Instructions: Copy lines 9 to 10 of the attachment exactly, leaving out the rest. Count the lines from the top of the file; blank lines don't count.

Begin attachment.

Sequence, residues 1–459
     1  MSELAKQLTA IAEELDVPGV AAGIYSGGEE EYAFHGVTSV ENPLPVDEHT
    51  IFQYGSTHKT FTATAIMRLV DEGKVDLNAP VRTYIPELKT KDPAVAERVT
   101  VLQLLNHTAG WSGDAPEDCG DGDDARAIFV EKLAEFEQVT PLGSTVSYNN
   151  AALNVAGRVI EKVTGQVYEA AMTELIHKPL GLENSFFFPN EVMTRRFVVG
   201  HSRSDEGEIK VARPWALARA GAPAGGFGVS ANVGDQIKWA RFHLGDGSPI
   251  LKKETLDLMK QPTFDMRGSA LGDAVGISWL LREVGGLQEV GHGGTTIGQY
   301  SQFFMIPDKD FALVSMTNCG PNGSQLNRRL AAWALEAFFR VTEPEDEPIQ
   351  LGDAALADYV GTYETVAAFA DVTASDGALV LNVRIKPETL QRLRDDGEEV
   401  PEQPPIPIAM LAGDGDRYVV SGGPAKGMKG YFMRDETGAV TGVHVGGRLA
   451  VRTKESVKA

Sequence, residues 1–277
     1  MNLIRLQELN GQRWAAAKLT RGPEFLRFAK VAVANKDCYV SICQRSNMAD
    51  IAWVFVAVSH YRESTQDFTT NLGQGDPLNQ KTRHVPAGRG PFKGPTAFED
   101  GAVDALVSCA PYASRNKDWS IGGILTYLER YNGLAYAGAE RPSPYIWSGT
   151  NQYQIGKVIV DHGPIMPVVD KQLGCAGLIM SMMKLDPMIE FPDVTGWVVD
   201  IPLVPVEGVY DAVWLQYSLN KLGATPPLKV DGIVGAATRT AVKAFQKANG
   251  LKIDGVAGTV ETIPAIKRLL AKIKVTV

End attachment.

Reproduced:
   351  LGDAALADYV GTYETVAAFA DVTASDGALV LNVRIKPETL QRLRDDGEEV
   401  PEQPPIPIAM LAGDGDRYVV SGGPAKGMKG YFMRDETGAV TGVHVGGRLA